Australia Cybersecurity Strategy/White Paper

Canberra is trying to recalibrate its cybersecurity strategy in he face of increased PRC hacking.

Australia has issued a new Cyber Security Strategy that replaces its 2016 strategy and proposes to change incrementally how the nation would approach cybersecurity and data protection paired with more funding for these activities. Notably, the government of Prime Minister Scott Morrison seems to be proposing a set of binding cybersecurity standards on certain sectors of critical infrastructure and a program of offensive cyber operations as a means of fending off threats from malicious nation state and criminal actions. The government in Canberra is also floating a voluntary code of conduct for the manufacturers and developers of Internet of Things (IoT) and a rewrite of privacy and data protection laws. In preparation for this strategy, Australia released a call for views in September 2019 on a discussion paper and received more than 200 comments.

Cybersecurity has been much on the minds of the government in Australia. Last fall, the Australian government leaked word that People’s Republic of China (PRC) hackers had penetrated the Parliament’s systems in Canberra even though the Morrison government declined to publicly accuse the PRC. According to media accounts, the Australian Signals Directorate determined that the PRC’s Ministry of State Security attacked Australia’s Parliament and hacked into both parties. In June 2020, Morrison told reporters “Australian organizations are currently being targeted by a sophisticated state-based cyber actor.” He contended “[t]his activity is targeting Australian organizations across a range of sectors, including all levels of government, industry, political organizations, education, health, essential service providers and operators of other critical infrastructure.” In concert with Morrison’s statement, the Australian Cyber Security Centre (ACSC) and the Department of Home Affairs issued an advisory describing “the tactics, techniques and procedures (TTPs) identified during the ACSC’s investigation of a cyber campaign targeting Australian networks.” Some experts are saying it must be the PRC, especially after Canberra all but publicly named the PRC as the entity that hacked into Parliament.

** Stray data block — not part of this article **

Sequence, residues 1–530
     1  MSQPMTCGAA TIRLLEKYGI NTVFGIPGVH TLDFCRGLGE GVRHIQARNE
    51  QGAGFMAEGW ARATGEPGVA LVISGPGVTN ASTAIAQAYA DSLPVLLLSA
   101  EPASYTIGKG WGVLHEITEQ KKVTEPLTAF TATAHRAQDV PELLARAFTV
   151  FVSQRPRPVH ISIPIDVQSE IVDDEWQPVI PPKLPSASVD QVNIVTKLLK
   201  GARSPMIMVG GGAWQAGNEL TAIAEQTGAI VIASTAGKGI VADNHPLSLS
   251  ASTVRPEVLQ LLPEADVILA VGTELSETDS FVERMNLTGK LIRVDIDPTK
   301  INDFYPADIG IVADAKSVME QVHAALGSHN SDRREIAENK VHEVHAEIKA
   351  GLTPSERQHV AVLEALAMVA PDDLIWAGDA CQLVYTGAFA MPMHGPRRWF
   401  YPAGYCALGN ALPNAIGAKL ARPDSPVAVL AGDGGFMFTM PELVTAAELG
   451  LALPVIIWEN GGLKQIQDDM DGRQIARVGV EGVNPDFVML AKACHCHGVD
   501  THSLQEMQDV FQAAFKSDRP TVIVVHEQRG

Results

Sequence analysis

The Department of Home Affairs (Department) stated that “[t]his Strategy will invest $1.67 billion AUD over 10 years to achieve our vision…[and] [t]his includes:

  • Protecting and actively defending the critical infrastructure that all Australians rely on, including cyber security obligations for owners and operators.
  • New ways to investigate and shut down cyber crime, including on the dark web.
  • Stronger defences for Government networks and data.
  • Greater collaboration to build Australia’s cyber skills pipeline.
  • Increased situational awareness and improved sharing of threat information.
  • Stronger partnerships with industry through the Joint Cyber Security Centre program.
  • Advice for small and medium enterprises to increase their cyber resilience.
  • Clear guidance for businesses and consumers about securing Internet of Things devices.
  • 24/7 cyber security advice hotline for SMEs and families.
  • Improved community awareness of cyber security threats.

The Department addressed encryption at a high level even though Australia’s 2018 legislation, the Telecommunications and Other Legislation Amendment (Assistance and Access) Act, creates the first process for potentially ordering technology companies to decrypt encrypted systems and communications. The Department continued to emphasize the threats created by criminals using encrypted communications, particularly in crimes against children or sex crimes. The Five Eyes nations have increasingly turned to this tactic with the United States government hitting this theme hard whenever encryption policy is discussed. The Department claimed

  • Encryption is an important way of protecting consumer and business data, but the increasing use of the dark web and encryption technologies that allow people to remain anonymous online is challenging law enforcement agencies’ ability to protect our community. The dark web enables cyber criminals to broadcast child sexual exploitation and abuse, trade in stolen identities, traffic drugs and  rearms, and plan terror attacks. These platforms make committing serious crimes at volume, and across borders, easier than ever before.
  • The Telecommunications and Other Legislation Amendment (Assistance and Access) Act introduced in 2018 has helped Australia’s law enforcement and security agencies, working with industry, tackle online criminal and terrorist threats. Through this Strategy, the Australian Government will ensure law enforcement agencies have appropriate legislative powers and technical capabilities to deter, disrupt and defeat the criminal exploitation of anonymising technology and the dark web.

The Department explained generally the legislative changes that may result in greater regulation of certain critical infrastructure owners and operators: